Recently, hubby and I took a trip out to California. We'd never been there together and never been to this part of the big state. We saw a lot of sites on this trip. It wasn't so much a relaxing vacation, as it was a drive around and see things vacation. A change of scenery is good every once in a while. Makes you come home with fresh eyes.

I'm only going to show just a few pictures of the different areas we visited. Just to give a sense of what it was like. They are not in chronological order or anything like that. Below we have a picture from an early morning. We decided to get up early and go take pictures. That's more my kind of lighting than the sharp, hot afternoon sun of Napa. This was actually, our last day there. I had briefly considered getting up at 5:00 a.m. to go on a hot air balloon ride, and then let that idea drift right on out of my head. Guess it wasn't meant to be. I took this picture as they were landing in an open area of a vineyard. We watched them deflate the balloon. Something neither one of us had ever seen before. It's quite beautiful. It's so cool and quiet out there. They just simply stop giving the balloon hot air and then give the fabric a tug. The balloon cascades down to the ground like a waterfall with a sound akin to rain.

This view is from the observation deck at Sterling Vineyard. We were told we had to go there by a few different sources. You take a tram up a hill from the parking area to the building. Then you go on a self-guided tour, stopping along the way to watch flat panel video screens with talking heads. Every so often, a human appears at a station where you get a taste of wine in your glass, which you've been carrying around with you. The observation deck is but one stop along the way, where you get a taste of Rosé. A beautiful view, I will admit. At the end, you're funneled into a less scenic deck and wine shop where you taste a few more wines and if you wish, purchase some. I found Sterling to be a bit cold and impersonal, such as it's name implies. Well, we did our prerequisite stop there, so we were allowed to leave Napa unscathed.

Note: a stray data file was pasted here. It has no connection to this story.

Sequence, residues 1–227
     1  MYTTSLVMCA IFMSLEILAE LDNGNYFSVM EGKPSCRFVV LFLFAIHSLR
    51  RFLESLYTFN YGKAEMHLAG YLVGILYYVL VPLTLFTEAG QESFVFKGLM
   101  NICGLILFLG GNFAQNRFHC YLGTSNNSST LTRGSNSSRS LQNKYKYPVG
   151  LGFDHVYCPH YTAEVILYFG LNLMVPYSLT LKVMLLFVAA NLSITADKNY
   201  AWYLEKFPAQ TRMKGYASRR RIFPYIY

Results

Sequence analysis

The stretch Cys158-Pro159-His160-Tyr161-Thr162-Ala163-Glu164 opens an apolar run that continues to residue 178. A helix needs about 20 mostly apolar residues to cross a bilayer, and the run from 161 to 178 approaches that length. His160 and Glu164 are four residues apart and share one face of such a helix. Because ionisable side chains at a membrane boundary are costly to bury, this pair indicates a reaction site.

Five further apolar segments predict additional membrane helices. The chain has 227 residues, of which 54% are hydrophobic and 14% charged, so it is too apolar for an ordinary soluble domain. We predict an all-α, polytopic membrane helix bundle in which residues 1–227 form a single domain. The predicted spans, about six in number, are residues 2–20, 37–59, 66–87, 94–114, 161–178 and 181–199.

Some cows grazing in a pasture. Behind me, were workers picking grapes. Morning is the best time for harvesting grapes as it is still cool. We drew some curious looks from humans and beast alike, as we were on a back road away from the noise and crazed morning drivers heading off to work. Somethings are the same where ever you go.

What would a trip to Napa be without a picture of grapes. They're here, there, and everywhere. Even in the front yards of people's homes. FYI, these were in a vineyard.

An olive grove at Rutterford Hill Winery. The olives produced on these trees are sent out and processed into their own olive oil. I found the olive trees quite pretty with their small leaves and fruits. The leaves fall to the ground creating their own mulch, which is pretty and useful. The staff of this Winery were warm and welcoming. They gave us a (human) guided tour and tastes of many of their delicious wines. Another unique feature of this winery is the man-made wine caves cut into the hillside. These caves keep the temperature at an even sixty degrees, regardless of the outdoor weather. No air conditioning required.

Friday, September 21, 2007

Duck, Duck, Geese!

Okay, it's catch up time. I have lots to tell you and show you. Where have I been? California. But lets not put the cart before the horse, right. First, I have some more photos from the fair to show you... other than my last post of winnings.

First since I mentioned them, the ducks. Aren't they cute with their little head puffs? I wish I could have fowl, but alas, it is not allowed in our zoning. Yes, I learned that the day of our closing on our house. Funny as it may seem, that is actually stipulated in the rules for our subdivision. At the time, that was a bit a joke to me. I even made a joke about it. Our lawyer, ever the serious one, informed me what fowl was, as if I didn't know. Anyway, on to the ducks.

Isn't that funny how they positioned themselves? Just ducky.

Can't have ducks without geese can we? These aren't your average geese, not your golf course poopin' variety. I just want to reach out and smooth those neck feathers.

A pretty cow, if I ever saw one. She even has long eyelashes. What's your secret Miss?

Look at this precious little lamb. Doesn't he look cold without his wool?
I just want to give him a hug.

I love this Llama. So contemplative. Or maybe he's just hamming it up for the camera.
Something tells me he's the life of the party. He's lookin a mighty wistful.

I love farm animals.

Sunday, September 9, 2007

How Do Ya Like Dem 'Maters!

I know I haven't posted in a while. I've just been non-stop busy. No time for blogging. Not much time even for replying to emails no less. It's that time of year, the time when tomatoes are just about ready to take over my house. They even show up in my dreams. It's the avalanche of tomatoes. I've been busy preserving the harvest. I've made sauce, salsa, V8 juice (note to self, count the number of "V's" may really be V7 juice), canned tomatoes, pickles and dilly beans. Oh and I made a small batch of strawberry jam back in June, which I’m hording for the winter. I have some more ideas about ways to use my tomatoes, but time will tell if I get around to it.